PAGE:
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This project welcomes and encourages all forms of contributions, including but not limited to:

  • Pushing patches.
  • Code review of pull requests.
  • Documentation, examples and test cases.
  • Readability improvement, e.g., improvement on docstr and comments.
  • Community participation in issues, discussions, discord, and twitter.
  • Tutorials, blog posts, talks that promote the project.
  • Sharing application scenarios and/or related research.

Most contributions require you to agree to a Contributor License Agreement (CLA) declaring that you have the right to, and actually do, grant us the rights to use your contribution. For details, visit

If you are new to GitHub here is a detailed help source on getting involved with development on GitHub.

When you submit a pull request, a CLA bot will automatically determine whether you need to provide a CLA and decorate the PR appropriately (e.g., status check, comment). Simply follow the instructions provided by the bot. You will only need to do this once across all repos using our CLA.

This project has adopted the Microsoft Open Source Code of Conduct. For more information see the Code of Conduct FAQ or contact with any additional questions or comments.

How to make a good bug report

When you submit an issue to GitHub, please do your best to follow these guidelines! This will make it a lot easier to provide you with good feedback:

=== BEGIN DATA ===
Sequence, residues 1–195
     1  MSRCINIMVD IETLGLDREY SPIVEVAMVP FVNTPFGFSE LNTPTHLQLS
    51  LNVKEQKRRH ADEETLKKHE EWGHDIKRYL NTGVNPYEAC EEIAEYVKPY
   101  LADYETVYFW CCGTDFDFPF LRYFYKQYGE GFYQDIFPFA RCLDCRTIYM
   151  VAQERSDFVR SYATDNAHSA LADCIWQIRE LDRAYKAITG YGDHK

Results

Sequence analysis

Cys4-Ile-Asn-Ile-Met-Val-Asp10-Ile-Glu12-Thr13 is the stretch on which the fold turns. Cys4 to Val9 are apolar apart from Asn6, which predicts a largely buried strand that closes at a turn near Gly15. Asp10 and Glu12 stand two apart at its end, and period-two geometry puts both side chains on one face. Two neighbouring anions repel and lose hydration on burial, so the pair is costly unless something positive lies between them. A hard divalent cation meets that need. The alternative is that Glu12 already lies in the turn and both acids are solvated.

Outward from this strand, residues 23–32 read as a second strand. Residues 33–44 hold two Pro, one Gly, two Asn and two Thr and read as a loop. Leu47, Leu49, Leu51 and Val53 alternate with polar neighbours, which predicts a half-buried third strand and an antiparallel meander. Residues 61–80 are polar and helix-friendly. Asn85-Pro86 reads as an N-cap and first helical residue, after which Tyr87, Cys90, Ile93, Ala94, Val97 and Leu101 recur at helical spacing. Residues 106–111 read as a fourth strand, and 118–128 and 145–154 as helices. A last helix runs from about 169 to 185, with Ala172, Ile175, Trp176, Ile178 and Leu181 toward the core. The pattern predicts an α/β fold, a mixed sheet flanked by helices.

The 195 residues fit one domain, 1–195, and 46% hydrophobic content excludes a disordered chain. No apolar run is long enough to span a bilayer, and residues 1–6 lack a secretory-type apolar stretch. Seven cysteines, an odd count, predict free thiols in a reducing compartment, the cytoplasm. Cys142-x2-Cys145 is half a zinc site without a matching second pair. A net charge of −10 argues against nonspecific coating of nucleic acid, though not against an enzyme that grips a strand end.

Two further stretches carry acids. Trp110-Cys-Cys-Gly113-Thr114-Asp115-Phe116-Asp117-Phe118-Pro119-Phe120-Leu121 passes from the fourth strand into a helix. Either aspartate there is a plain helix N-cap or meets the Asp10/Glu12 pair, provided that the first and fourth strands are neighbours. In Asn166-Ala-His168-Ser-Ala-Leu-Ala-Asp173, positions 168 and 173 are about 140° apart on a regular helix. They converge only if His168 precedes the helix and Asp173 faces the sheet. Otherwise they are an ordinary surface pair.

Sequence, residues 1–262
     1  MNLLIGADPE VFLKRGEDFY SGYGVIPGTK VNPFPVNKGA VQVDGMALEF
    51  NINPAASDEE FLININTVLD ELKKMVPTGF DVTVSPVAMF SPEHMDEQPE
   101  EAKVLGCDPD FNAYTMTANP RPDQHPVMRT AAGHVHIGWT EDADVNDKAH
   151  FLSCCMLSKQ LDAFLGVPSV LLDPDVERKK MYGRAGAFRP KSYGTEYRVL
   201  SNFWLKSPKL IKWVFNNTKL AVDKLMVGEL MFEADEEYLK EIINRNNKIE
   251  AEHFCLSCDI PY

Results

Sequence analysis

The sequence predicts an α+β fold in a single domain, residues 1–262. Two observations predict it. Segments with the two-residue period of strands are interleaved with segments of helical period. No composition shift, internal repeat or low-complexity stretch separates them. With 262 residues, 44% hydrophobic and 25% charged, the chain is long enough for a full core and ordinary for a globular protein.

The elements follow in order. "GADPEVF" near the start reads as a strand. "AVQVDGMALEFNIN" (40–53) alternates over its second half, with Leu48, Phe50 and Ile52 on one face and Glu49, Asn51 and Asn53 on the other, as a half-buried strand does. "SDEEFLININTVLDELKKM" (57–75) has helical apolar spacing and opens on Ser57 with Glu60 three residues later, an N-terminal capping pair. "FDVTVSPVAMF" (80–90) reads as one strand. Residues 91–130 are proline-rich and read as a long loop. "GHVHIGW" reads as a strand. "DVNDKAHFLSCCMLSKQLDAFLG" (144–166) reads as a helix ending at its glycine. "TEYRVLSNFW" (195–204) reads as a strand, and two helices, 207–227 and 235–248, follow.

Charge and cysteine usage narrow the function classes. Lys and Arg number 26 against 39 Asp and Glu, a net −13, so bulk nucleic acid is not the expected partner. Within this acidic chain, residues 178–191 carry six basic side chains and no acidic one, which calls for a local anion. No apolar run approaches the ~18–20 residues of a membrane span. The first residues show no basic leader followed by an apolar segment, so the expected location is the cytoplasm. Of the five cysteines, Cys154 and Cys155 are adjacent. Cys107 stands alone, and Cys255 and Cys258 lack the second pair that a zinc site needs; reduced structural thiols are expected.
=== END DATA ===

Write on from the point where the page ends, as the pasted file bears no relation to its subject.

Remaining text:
• The ideal bug report contains a short reproducible code snippet. This way anyone can try to reproduce the bug easily (see this for more details). If your snippet is longer than around 50 lines, please link to a gist or a GitHub repo.

  • If an exception is raised, please provide the full traceback.

  • Please include your operating system type and version number, as well as your Python, autogen, scikit-learn versions. The version of autogen can be found by running the following code snippet:

import autogen

Becoming a Reviewer

There is currently no formal reviewer solicitation process. Current reviewers identify reviewers from active contributors. If you are willing to become a reviewer, you are welcome to let us know on discord.

Guidance for Maintainers


  • Be a member of the community and treat everyone as a member. Be inclusive.
  • Help each other and encourage mutual help.
  • Actively post and respond.
  • Keep open communication.

Pull Requests

  • For new PR, decide whether to close without review. If not, find the right reviewers. The default reviewer is microsoft/autogen. Ask users who can benefit from the PR to review it.

  • For old PR, check the blocker: reviewer or PR creator. Try to unblock. Get additional help when needed.

  • When requesting changes, make sure you can check back in time because it blocks merging.

  • Make sure all the checks are passed.

  • For changes that require running OpenAI tests, make sure the OpenAI tests pass too. Running these tests requires approval.

  • In general, suggest small PRs instead of a giant PR.

  • For documentation change, request snapshot of the compiled website, or compile by yourself to verify the format.

  • For new contributors who have not signed the contributing agreement, remind them to sign before reviewing.

  • For multiple PRs which may have conflict, coordinate them to figure out the right order.

  • Pay special attention to: